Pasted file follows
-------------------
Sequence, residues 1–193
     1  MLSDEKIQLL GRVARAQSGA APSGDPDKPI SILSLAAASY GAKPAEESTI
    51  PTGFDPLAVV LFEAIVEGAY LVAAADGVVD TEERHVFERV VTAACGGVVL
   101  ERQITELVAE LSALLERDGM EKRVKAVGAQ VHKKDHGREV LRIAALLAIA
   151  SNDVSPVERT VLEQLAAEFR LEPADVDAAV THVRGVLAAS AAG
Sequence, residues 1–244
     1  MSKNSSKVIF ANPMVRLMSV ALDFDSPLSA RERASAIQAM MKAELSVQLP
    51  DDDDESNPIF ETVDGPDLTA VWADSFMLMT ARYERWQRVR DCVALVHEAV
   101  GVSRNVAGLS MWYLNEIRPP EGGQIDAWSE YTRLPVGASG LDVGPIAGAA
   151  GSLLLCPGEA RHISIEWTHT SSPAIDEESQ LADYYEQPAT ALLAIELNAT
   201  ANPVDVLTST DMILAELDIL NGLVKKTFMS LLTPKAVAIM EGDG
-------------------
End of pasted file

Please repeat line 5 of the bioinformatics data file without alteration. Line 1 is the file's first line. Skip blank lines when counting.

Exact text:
   151  SNDVSPVERT VLEQLAAEFR LEPADVDAAV THVRGVLAAS AAG